In working to improve the built environment for those who walk and bike, BikeWalkKC advocates for policies that support broader, multimodal infrastructure improvements in communities across the Kansas City metro.
One of the main policy levers we support on this front relates to Complete Streets. As the National Complete Streets Coalition (NCSC) explains, “Complete Streets are streets for everyone. They are designed and operated to enable safe access for all users, including pedestrians, bicyclists, motorists and transit riders of all ages and abilities.”
While we were able to successfully advocate for a Complete Streets ordinance in KCMO, a number of communities across the metro are still working to develop and implement this legislative element. With some help from NCSC, Eastern Jackson County is getting a major boost on this effort.
NCSC recently announced that their third Complete Streets Consortium Series will take place in Missouri. Through a competitive application process, Eastern Jackson County was one of three communities chosen to receive technical assistance “to identify and overcome barriers to implement activity-friendly routes to everyday destinations, which make it safe and convenient for people of all abilities to walk, run, bike, skate, or use wheelchairs to reach homes, jobs, shops, schools, and more.”
Eastern Jackson County (being led by the Jackson County Health Department) will receive technical support from BikeWalkKC, along with leaders from MARC and the communities of Grandview, Lee’s Summit, Raytown, and Sugar Creek.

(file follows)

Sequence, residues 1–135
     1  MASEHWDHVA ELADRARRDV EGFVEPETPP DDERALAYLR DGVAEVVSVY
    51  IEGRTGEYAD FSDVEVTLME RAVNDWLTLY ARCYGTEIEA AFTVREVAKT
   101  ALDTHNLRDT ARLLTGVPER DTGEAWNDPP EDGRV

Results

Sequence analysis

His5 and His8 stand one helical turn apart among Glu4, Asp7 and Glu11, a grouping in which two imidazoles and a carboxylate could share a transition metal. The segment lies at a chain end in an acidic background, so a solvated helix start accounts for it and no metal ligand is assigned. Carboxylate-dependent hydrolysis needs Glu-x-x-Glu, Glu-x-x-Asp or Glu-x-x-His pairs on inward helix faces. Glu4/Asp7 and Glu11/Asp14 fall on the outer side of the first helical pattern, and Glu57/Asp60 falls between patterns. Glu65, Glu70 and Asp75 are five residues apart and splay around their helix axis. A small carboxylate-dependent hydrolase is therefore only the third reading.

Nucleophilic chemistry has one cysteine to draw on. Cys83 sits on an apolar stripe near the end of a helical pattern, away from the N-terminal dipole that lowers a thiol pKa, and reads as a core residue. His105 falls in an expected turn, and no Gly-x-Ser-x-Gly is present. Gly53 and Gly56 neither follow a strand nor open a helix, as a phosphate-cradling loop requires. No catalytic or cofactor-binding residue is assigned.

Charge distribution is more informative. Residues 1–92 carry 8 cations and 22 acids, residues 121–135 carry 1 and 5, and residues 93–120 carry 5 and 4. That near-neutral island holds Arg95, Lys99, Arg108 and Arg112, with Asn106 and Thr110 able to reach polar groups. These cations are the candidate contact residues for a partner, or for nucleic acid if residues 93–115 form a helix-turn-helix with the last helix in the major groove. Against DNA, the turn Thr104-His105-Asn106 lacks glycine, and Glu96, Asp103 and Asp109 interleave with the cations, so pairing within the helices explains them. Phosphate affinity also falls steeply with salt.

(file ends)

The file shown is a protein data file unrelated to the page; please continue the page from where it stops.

“I believe that, more than anything else, this is a really good example of how education and advocacy can align for the benefit of cyclists and pedestrians,” said Laura Steele, education director for BikeWalkKC. “Leaders in Eastern Jackson County have identified Complete Streets as a priority and they want to take bigger steps towards making that a reality.”
“These communities have demonstrated a real appetite to learn more about Complete Streets policies,” noted Michael Kelley, BikeWalkKC policy manager. “This will give several key areas in Jackson County a real chance to either strengthen existing policy or implement something completely new, and both approahces will ultimately benefit the most vulnerable road users.”
The consortium series will involve several in-person meetings in each of the communities, along with webinars. The technical assistance is funded through a cooperative agreement with the Centers for Disease Control and Prevention’s Division of Nutrition, Physical Activity, and Obesity. It was designed to support the Missouri Department of Health and Senior Services ongoing work through the State Physical Activity and Nutrition (SPAN) program. Additional support also comes from the Missouri Council for Activity and Nutrition through the University of Missouri Extension, and Missourians for Responsible Transportation.
Learn more about the program by reading the press release from Smart Growth America.